GPZ 1100

21 Apr 2015 | Author: | Comments Off on GPZ 1100

Kawasaki GPZ 1100 ABS

In the following I have only mentioned the repairs – not the regular maintenance and the replacement of small items like bulbs, oil etc.

10.000 km/6.200 miles: At the regular service interval the dealer informs me that there is a mark on one of the cams, indicating possible pitting, and advices me that the cams should be checked again before the warrenty expires.

15.000 km/9.300 miles: Last regular service before the warrenty expires. Several cams shows signs of pitting, and both camshafte are replaced under warrenty.

(Several GPZ owners in the USA and Australia have experienced the same. Others have had no problems. Two possible causes are discussed on the GPz list, unsufficient hardening of the metal on the cams or unsufficient lubrication. Kawasaki has not (until now) addressed the problem, and the part numbers for the replacement camshafts are the same as for the originals. Until now I have been using a full synthetic 5W-50 motorcycle oil, which the dealer recommends as being the best oil for the bike.

Articles in a Danish motorcycle magazine indicate, however, that thin oil may not have the required oil film strength, regardless of the otherwise superior oil quality. I have therefore chosen to switch to another oil, a (still) full synthetic 10W-50 oil).

20.000 km/12.430 miles: Cams checked at the last regular service before warrenty expires. No noticable wear.

From the GPzlist I have learned that the steering head bearings are sparsely lubricated from the factory and should be serviced within the first couple of years of the bike’s life. Indeed this turns out to be true, and it is done just in time to avoid replacing the bearings.

25.000 km/15.500 miles: Cams checked again at the regular service. Two cams show tiny little signs of pitting. I choose to stick with the full synthetic 10W-50 oil, but I add a Polytetrafluorethylen oil additive (Swedol PTFE), hoping that this may reduce the wear on the cams.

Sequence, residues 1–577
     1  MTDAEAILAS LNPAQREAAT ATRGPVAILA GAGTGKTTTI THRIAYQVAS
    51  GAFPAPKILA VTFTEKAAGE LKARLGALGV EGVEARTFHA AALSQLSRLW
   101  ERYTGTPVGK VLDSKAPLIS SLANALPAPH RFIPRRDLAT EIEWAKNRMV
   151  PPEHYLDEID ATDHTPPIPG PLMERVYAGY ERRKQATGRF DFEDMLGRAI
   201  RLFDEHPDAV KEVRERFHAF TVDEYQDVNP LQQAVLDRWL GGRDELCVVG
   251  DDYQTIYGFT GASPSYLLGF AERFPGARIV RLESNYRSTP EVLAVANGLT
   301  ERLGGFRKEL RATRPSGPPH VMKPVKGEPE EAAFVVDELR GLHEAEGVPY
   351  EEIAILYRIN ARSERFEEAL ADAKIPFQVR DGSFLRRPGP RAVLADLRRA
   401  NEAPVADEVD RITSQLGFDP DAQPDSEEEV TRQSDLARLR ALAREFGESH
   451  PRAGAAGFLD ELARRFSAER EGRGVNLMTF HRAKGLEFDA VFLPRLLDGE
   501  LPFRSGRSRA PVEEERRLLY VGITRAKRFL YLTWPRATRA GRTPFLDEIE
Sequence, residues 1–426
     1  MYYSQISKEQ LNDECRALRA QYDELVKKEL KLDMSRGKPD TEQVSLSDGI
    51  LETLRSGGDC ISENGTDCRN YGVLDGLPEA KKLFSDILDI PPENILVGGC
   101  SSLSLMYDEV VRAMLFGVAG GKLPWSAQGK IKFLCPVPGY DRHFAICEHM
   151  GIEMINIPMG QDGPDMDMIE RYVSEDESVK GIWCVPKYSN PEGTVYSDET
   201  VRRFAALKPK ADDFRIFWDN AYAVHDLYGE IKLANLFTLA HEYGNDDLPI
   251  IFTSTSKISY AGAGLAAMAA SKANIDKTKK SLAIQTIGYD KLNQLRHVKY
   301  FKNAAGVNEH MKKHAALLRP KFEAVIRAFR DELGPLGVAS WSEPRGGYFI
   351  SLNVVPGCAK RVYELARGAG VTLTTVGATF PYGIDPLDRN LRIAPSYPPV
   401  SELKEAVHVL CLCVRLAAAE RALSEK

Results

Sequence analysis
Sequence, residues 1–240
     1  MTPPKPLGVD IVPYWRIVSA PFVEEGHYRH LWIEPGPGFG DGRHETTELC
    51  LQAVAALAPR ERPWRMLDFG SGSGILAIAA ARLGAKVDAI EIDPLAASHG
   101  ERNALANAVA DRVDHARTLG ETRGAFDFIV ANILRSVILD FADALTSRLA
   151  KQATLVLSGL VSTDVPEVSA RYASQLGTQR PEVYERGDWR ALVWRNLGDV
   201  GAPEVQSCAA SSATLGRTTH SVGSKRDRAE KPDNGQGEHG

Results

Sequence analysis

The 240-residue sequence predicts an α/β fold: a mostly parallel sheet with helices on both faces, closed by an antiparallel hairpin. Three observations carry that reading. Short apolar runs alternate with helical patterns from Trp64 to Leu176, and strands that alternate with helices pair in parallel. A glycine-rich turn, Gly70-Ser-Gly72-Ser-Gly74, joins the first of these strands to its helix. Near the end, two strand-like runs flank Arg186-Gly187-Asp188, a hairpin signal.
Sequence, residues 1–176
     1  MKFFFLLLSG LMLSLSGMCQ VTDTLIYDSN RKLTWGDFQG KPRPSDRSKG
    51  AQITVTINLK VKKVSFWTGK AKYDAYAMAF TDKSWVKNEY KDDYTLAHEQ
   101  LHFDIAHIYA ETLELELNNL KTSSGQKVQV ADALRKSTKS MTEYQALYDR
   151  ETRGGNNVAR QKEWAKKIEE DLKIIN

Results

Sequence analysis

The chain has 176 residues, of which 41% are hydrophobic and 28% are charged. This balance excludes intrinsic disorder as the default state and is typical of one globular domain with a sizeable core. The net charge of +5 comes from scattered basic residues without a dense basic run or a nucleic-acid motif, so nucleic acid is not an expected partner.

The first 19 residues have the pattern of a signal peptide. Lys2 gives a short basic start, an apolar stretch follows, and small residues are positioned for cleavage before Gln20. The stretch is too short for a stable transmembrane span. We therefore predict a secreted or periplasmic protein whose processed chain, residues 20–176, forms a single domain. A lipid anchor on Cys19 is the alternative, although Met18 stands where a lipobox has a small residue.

30.000 km/18.640 miles: Cams checked at the regular service. No noticable increase of the wear.

35.000 km/21.750 miles: Cams checked at the regular service. No noticable increase of the wear.

38.400 km/23.865 miles: During vacation in Italy the OEM battery suddenly collapses. New battery fitted by a Yamaha dealer in Avellino near Napoli.

45.000 km/28.000 miles: Cams checked at the regular service. Now 8 cams show signs of pitting. Again I add a Polytetrafluorethylen oil additive (Swedol PTFE).

50.000 km/31.000 miles: Cams checked at the regular service. No noticable increase of the wear.

61.000 km/38.000 miles: The right front fork starts leaking oil. Seal replaced.

64 .000 km/40.000 miles: For the second time the battery collapses during vacation in Italy. A 9 Amp battery is installed temporarily and works great. It turns out that the charge is somewhat over the limit (16.4 volts).

Once home again I install a Yuasa 14 Amp battery but decide not to do anything about the overcharge – for now.

73 .000 km/45.000 miles: Cams checked at the regular service. Now a total of 9 cams are pitted, but still only the tiny little cracks.

83.000 km/52.000 miles: Intermittent starter problems. Turns out to be a corroded handlebar (clutch) switch. All switches and connectors checked for signs of corrosion and sprayed with contact spray, but the fault seems limited to the clutch switch.

92 .000 km/57.000 miles: Put away for the winter (November 2005). No particular problems, only regular maintenance planned.

96.000 km/60.000 miles: After a 2-hour trip at motorway speed the battery started boiling. I replaced the battery and measured the charge voltage. The readings were way too high – up to 16.8 volts. To make a long story short: It wasn’t the regulator nor the generator.

The generator measures the voltage in the wiring harness and adjusts the charge accordingly. A voltage drop somewhere in the wiring harness caused the overcharge. I got the quick fix from a Danish motorcycle news group:

Kawasaki GPZ 1100 ABS

– Cut the BR wire that goes between the generator and the wiring harness.

– Connect the end of the BR wire that comes from the wiring harness to

the coil of an ordinary 12 volt car relay.

– Ground the other coil connector. Now, if you turn on the ignition

switch ON the relay should be triggered (click).

– Connect the end of the BR wire that comes from the generator to one of

the connectors on the relay.

– Using a piece of wire with a 10 amp fuse inserted connect the the

other connector on the relay to the battery’s plus terminal.

100.000 km/62.150 miles: This milestone (in kilometers) was passed on October 29, 2006 in Viborg, Denmark.

110.000 km/68.365 miles: Again intermittent starter problems. Ignition switch dismantled, cleaned and sprayed with contact spray.

Kawasaki GPZ 1100 ABS
Kawasaki GPZ 1100 ABS
Kawasaki GPZ 1100 ABS

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